A study done by Prasad and colleagues in 1994 revealed that the Norovirus capsid has a diameter of 38.0nm and exhibits T=3 icosahedral symmetry, with a defined surface structure that resembles typical animal and human caliciviruses, in which cup-like depressions or hollows are evident at the three- and fivefold axes of symmetry. Each virus particle is composed of 180 molecules of the capsid protein, which form 90-arch-like capsomers at all the local and strict twofold axes surrounding the hollows(Bertolotti-Ciarlet et al., 2002). The capsid protein folds into two principal domains, a shell (S) domain and a protruding (P) domain, which contains two subdomains, P1 and P2 (Bertolotti-Ciarlet et al., 2002). Studies done by Bertolotti-Ciarlet and colleagues indicate that the shell domain of the Norovirus capsid protein contains everything required to initiate the assembly of the capsid, whereas the entire protruding domain contributes to the increased stability of the capsid by adding intermolecular contacts between dimeric subunits—which may control the size of the capsid. In the modular structure of the Norovirus capsid protein, the S domain is typically involved in the icosahedral contacts, and the P domains are involved in the dimeric contacts (Prasad et al., 1999).
Noroviruses and other caliciviruses are unique among the animal viruses because they posses a capsid composed of a single major structural protein. Because of this, all the functional entities required for calicivirus structural integrity, immunogenicity, and infectivity are encoded in one structural protein. It is believed that the capsid protein not only provides shell structure for the virus but also contains cellular receptor binding site(s) and viral phenotype or serotype determinants. The function of VP2 associates with upregulation of VP1 expression in cis and stabilization of VP1 in the virus structure (Bertolotti-Ciarlet et al., 2002). Understanding the structure and functions of this viral capsid protein should facilitate the development of antiviral strategies for caliciviruses (Bertolotti-Ciarlet et al., 2002).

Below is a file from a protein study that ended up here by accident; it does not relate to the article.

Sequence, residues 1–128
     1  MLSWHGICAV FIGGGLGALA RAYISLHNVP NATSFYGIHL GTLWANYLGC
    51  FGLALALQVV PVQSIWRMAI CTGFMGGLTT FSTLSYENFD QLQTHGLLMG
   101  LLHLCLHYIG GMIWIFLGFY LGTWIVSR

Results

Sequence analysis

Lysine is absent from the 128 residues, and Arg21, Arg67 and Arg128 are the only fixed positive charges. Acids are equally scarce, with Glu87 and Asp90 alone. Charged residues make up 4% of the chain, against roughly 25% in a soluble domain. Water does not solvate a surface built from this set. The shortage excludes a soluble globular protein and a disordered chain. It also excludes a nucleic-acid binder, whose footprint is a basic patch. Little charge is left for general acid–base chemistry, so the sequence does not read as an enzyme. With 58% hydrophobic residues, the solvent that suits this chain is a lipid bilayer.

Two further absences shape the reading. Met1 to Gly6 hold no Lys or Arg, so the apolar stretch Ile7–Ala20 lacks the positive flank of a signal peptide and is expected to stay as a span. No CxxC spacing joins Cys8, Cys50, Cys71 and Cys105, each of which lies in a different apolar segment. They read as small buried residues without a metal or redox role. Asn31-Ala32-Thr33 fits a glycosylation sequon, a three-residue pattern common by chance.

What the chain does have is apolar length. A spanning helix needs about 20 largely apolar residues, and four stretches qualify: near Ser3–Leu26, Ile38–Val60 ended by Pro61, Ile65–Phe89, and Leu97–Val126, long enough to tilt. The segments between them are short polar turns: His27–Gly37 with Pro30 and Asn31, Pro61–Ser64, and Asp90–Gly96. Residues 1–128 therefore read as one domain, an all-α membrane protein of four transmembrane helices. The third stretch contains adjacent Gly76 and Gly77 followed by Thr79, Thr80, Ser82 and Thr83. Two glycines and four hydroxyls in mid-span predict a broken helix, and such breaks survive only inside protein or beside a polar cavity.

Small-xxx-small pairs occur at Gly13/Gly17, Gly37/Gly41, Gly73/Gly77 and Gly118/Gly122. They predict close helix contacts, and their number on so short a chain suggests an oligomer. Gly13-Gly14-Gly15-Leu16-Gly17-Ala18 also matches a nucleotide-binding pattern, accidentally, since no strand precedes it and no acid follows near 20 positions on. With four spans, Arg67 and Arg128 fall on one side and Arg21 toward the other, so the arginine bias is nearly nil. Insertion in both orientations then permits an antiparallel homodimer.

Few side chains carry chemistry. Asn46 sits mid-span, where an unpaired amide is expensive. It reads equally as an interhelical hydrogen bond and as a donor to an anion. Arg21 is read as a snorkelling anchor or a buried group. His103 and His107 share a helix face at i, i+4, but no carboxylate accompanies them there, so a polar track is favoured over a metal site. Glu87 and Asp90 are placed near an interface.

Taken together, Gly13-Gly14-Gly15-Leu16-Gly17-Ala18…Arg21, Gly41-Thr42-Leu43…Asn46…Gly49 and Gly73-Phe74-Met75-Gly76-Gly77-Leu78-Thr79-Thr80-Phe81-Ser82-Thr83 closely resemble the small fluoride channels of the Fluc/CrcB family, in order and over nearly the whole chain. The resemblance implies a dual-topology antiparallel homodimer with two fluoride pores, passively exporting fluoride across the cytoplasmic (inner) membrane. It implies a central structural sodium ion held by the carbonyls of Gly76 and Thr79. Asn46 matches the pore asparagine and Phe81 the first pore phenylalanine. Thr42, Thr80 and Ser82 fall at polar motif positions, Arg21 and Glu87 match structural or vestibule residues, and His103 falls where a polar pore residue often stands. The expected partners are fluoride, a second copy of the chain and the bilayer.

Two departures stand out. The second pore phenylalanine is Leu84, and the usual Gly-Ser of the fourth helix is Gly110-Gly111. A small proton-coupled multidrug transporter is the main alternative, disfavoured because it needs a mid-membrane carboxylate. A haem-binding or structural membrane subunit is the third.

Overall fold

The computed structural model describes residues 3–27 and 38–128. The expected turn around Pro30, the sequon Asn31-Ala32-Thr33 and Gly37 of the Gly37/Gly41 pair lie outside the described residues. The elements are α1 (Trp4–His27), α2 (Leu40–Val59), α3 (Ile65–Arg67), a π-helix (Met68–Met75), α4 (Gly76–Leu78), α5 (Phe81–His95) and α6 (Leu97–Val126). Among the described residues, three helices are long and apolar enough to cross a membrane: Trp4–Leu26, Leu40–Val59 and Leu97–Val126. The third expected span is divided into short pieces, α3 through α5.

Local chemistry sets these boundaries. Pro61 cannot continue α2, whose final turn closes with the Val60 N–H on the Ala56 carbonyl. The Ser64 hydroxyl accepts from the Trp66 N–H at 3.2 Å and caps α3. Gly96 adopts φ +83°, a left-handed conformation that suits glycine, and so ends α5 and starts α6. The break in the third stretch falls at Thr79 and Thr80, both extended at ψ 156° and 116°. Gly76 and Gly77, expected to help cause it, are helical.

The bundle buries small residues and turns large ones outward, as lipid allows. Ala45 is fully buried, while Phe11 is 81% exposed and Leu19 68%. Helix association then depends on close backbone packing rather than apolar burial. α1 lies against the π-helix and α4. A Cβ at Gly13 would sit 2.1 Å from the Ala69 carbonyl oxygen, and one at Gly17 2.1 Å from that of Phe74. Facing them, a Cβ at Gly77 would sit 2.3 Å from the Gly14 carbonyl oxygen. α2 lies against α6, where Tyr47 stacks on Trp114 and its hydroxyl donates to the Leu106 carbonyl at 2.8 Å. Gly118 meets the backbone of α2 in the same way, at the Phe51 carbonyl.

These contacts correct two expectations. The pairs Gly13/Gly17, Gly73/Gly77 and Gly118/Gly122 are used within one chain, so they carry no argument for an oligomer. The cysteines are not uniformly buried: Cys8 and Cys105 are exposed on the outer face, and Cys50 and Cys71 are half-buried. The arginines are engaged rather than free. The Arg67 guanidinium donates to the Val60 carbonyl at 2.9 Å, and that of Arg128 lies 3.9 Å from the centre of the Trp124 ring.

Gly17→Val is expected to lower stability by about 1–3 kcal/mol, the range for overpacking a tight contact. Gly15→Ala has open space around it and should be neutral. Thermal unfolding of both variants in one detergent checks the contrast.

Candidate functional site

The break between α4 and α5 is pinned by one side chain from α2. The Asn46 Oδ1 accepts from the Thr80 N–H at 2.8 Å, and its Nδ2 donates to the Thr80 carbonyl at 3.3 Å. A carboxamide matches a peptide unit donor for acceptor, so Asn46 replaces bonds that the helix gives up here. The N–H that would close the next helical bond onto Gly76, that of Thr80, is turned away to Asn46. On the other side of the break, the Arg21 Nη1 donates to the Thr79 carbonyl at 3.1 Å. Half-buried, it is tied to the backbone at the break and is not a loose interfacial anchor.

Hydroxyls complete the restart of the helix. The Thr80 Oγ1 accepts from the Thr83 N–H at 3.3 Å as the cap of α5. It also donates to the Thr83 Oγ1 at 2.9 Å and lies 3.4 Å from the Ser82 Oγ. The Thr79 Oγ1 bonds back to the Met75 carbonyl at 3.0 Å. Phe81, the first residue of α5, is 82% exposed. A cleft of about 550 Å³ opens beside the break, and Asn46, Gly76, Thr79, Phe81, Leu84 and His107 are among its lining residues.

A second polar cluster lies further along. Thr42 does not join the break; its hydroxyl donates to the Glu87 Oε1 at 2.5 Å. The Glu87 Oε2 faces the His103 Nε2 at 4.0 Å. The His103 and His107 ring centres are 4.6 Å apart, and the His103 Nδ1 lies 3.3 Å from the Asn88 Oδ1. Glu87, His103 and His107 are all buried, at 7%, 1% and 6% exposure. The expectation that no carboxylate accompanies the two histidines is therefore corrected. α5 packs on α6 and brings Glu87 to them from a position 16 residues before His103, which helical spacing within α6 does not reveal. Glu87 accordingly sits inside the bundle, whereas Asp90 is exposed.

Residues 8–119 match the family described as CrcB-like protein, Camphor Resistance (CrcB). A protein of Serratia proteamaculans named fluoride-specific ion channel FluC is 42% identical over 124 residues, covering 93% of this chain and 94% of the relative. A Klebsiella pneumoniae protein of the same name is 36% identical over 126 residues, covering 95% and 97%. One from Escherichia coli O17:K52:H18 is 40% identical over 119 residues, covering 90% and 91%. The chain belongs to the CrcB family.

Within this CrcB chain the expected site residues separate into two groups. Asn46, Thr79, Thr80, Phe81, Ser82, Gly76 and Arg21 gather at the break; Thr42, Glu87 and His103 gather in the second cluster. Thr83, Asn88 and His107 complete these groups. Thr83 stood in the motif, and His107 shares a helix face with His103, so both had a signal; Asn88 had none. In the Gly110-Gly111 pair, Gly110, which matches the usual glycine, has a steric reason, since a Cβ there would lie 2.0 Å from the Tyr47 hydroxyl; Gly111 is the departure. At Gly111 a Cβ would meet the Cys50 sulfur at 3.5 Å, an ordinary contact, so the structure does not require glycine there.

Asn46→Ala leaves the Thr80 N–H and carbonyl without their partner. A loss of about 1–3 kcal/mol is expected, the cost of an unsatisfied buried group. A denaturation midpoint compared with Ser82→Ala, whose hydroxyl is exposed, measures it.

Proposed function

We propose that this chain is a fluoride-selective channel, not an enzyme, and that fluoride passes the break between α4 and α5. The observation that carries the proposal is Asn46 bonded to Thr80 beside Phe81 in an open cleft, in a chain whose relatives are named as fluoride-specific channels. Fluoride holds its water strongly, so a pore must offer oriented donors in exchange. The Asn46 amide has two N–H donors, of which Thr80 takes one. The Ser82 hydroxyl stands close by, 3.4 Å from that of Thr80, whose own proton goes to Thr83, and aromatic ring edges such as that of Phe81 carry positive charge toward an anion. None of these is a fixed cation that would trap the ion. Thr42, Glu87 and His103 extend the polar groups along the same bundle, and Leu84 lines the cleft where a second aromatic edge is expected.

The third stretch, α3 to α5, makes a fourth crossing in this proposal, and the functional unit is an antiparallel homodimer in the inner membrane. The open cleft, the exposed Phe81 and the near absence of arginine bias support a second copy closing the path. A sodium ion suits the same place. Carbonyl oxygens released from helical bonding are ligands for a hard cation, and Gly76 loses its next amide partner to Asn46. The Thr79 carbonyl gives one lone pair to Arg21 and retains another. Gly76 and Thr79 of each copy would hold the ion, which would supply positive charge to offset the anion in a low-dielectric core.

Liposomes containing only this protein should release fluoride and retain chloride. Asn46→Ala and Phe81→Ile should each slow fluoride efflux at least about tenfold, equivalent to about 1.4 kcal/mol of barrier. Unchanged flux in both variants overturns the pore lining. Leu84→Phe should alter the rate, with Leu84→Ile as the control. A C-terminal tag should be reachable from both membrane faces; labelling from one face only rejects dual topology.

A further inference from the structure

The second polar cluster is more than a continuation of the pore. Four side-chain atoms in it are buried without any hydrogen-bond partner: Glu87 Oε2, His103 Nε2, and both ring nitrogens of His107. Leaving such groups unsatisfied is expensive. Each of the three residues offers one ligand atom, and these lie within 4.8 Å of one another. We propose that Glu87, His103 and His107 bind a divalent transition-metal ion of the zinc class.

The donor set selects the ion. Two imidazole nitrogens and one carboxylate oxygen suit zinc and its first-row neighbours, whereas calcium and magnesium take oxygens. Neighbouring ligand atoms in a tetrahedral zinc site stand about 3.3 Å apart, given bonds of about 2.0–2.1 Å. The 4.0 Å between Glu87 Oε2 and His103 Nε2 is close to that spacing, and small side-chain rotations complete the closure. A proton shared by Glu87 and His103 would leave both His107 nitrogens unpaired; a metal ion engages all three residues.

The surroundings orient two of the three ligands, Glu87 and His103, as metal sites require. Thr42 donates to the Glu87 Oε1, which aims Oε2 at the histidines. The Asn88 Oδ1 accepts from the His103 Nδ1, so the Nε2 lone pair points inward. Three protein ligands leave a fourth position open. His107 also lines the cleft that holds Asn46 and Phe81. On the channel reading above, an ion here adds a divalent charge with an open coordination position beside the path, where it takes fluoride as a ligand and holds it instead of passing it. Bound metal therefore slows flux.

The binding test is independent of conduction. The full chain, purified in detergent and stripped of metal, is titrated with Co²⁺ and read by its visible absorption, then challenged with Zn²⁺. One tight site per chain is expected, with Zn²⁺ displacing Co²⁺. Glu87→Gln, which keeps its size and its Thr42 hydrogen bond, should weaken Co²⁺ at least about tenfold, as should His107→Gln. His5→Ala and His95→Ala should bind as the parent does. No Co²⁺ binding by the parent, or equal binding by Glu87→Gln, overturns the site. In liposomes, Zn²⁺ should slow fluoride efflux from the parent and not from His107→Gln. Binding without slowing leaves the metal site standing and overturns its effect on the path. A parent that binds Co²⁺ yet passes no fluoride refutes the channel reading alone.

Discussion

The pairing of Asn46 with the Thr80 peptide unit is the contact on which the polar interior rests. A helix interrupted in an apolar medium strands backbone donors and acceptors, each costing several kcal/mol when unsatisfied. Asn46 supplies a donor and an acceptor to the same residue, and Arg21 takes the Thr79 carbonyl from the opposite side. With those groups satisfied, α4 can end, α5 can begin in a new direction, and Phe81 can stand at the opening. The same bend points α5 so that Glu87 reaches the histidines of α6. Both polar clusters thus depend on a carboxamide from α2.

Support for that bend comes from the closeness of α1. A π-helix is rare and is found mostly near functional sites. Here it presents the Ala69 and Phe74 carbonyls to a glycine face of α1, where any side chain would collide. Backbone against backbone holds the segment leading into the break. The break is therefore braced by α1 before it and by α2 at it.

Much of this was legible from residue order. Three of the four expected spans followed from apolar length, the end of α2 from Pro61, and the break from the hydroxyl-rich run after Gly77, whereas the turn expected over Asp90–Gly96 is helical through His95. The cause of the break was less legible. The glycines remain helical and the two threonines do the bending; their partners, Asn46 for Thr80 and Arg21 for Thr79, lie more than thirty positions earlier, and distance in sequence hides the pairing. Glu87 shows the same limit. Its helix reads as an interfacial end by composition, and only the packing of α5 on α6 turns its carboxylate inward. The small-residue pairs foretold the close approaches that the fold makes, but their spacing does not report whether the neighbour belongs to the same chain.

Progress on understanding the basic mechanisms of Norovirus replication has been far slower due to the inability to cultivate the virus in the laboratory. What is known, however, is the low infectivity and the unusually high stability outside of the host. Because the life cycle of the Norovirus is not known, the only information that can be reported on are studies done by specific groups of researchers in attempts to uncover parts of the replication process. In one study, it was found that the expressed genomic RNA was found to replicate and Norovirus sub-genomic RNA was transcribed from genomic RNA by use of Norovirus nonstructural proteins expressed from genomic RNA and was subsequently translated into Noroviral capsid protein VP1. Viral genomic RNA is packaged into virus particles generated in mammalian cells. These observations indicate that mammalian cells have the ability to replicate Norovirus genomic RNA (Asanaka et al., 2005).
The host cell range of Noroviruses has expanded quite a bit: the virus is now found in mice, cows, pigs, and humans (Widdowson et al., 2005). Human Norovirus does have a binding specificity within the human species, however. ABH and Lewis histo-blood group antigens are carbohydrate epitopes present throughout many tissue of the human body. The type 1 and 3 chain ABH histo-blood group antigens are present on mucosal epithelial cell surfaces and in salivary secretions, with variations in the carbohydrates in different individuals based on their secretor status and blood type. Recent observations suggest that Norovirus likely attaches to either H types 1 or 3 present on gastroduodenal epithelial cells (Harrington et al., 2002). Harrington and colleagues determined that Norovirus virus-like particles bound poorly to saliva containing ABH antigens in blood group B individuals, and may also account for the observation that blood group B individuals are more resistant to NV challenge. This data also suggests that blood group secretor status may be susceptibility alleles for some, but not all, Norovirus infections in humans (Harrington et al., 2002). These are just some recently proposed mechanisms for the ways in which the Human Norovirus may select for its human host.